Event 38003 affects the bootstrap process of loading the fixed cache in  kqlblfc(). Per default certain objects are marked as bootstrap objects (even though they are not defined as such in sys.bootstrap$) but by setting the event they will be left as non-bootstrapped.

What is bootstrap process failure? or  ORA-00704

This ORA-00704 error SERIOUS if reported at startup. This error refers to some problem during bootstrap operation. Any ORA-00704 error on STARTUP / RECOVER is serious, this error normally rose due to some inconsistency with the bootstrap segments (or) data corruption on bootstrap$ (or) any of the base tables below object_id  56. After this error it might not allow to open that database.

When ORA-00704 shall occur?

1. There is a probable of this error when any unsupported operations are tried to force open the database.
2. This error can also occur when system datafile has corrupted blocks. (ORA-01578)
3. In earlier releases of oracle (prior to 7.3.4 and 8.0.3) this issue shall arise due to Bug 434596
The option is to restore it from a good backup and recover it.

-> If the underlying cause is physical corruption that is due to hardware problems then do complete recovery.
-> If the issue is not relating to any physical corruption, then the problem could be due some unsupported actions on Bootstrap, and a Point In Time Recovery would be an option in such cas.

Reference : click here

Enjoy     :-) 

Wednesday, February 8, 2012

ORA-01078 : Failure in Processing System Parameters

ORA-01078 is generally occuring when a corrupt spfile file is being used or the parameter file (spfile/pfile)  may be missing  from the default or specified location . The spfile is present in the default location $ORACLE_HOME/dbs  for Unix  and  %ORACLE_HOME%\database  for window .We may get ORA-01078 when starting the database as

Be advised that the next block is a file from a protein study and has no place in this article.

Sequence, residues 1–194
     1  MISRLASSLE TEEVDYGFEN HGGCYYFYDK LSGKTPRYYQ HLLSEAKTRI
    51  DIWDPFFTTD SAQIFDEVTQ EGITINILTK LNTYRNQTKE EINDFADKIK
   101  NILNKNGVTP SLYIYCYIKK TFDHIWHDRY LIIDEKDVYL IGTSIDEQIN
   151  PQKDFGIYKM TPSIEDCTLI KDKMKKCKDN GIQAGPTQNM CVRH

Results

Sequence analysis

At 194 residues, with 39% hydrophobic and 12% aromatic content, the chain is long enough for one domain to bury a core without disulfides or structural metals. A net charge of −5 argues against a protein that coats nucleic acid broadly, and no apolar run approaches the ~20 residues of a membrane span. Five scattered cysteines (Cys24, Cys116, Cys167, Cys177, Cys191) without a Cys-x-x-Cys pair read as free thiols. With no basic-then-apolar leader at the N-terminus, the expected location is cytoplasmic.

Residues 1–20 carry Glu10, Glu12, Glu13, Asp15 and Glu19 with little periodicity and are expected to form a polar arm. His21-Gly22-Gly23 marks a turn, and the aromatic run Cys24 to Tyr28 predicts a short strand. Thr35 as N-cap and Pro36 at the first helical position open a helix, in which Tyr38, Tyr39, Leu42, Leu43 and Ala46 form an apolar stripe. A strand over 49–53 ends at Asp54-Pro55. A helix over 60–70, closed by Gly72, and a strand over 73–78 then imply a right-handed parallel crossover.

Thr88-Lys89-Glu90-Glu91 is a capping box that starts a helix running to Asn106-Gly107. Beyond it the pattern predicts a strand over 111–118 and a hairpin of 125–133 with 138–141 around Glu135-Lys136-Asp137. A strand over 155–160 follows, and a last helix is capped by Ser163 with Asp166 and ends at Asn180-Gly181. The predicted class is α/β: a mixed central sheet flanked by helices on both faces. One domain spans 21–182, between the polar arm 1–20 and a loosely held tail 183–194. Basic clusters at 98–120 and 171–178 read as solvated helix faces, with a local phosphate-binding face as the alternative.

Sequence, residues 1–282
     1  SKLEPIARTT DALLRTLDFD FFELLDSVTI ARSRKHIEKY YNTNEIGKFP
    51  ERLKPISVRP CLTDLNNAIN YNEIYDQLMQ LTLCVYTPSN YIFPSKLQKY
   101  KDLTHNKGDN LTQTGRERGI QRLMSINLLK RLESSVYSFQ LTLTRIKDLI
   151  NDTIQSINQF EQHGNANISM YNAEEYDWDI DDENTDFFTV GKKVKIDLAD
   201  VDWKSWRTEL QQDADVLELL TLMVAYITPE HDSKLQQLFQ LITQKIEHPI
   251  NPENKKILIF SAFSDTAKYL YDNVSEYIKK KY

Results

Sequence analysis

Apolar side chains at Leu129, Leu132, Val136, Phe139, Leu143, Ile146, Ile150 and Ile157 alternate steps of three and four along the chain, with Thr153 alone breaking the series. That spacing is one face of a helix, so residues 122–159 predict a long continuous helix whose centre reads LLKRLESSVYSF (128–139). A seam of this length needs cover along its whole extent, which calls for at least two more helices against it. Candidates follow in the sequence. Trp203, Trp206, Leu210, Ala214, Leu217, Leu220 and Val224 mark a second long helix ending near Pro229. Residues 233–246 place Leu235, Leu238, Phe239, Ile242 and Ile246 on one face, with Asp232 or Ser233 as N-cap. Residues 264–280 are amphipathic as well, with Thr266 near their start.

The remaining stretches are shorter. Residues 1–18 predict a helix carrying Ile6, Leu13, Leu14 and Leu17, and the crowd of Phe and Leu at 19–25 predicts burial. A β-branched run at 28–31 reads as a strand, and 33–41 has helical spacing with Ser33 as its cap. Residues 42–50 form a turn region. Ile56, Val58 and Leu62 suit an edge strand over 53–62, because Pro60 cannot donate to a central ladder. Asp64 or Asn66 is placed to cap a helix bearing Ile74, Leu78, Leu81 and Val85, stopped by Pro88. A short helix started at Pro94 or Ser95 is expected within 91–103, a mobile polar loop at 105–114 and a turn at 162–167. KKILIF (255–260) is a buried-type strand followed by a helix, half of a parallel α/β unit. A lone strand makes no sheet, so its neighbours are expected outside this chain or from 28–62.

C:\>set ORACLE_SID=noida  
C:\>sqlplus sys/xxxx  as sysdba 
SQL*Plus: Release Production on Wed Feb 8 14:14:54 2012
Copyright (c) 1982, 2010, Oracle.  All rights reserved.
Connected to an idle instance.

SQL> startup
ORA-01078 : failure in processing system parameters
LRM-00109 : couldnot open parameter file 'C:\APP\NEERAJS\PRODUCT\11.2.0\DBHOME_1\DATAB ASE\INITNOIDA.ORA'
SQL> exit

There is no way the spfile can be repaired or modified manually . The only solution is to either restore the spfile from the rman backup or recreate a new pfile and then create spfile . If  a  SPFILE  backup exists , restore it to the original location . The SPFILE backup could be a copy of the spfile or from a RMAN backup. Restore the spfile from backup as 

C:\>rman target /
Recovery Manager: Release - Production on Wed Feb 8 14:16:38 2012
Copyright (c) 1982, 2009, Oracle and/or its affiliates.  All rights reserved.
connected to target database (not started)

RMAN> startup force nomount
startup failed: ORA-01078: failure in processing system parameters
LRM-00109: could not open parameter file 'C:\APP\NEERAJS\PRODUCT\11.2.0\DBHOME_1\DATABASE\INITNOIDA.ORA'
starting Oracle instance without parameter file for retrieval of spfile
Oracle instance started

Total System Global Area     159019008 bytes
Fixed Size                             1373264 bytes
Variable Size                         75500464 bytes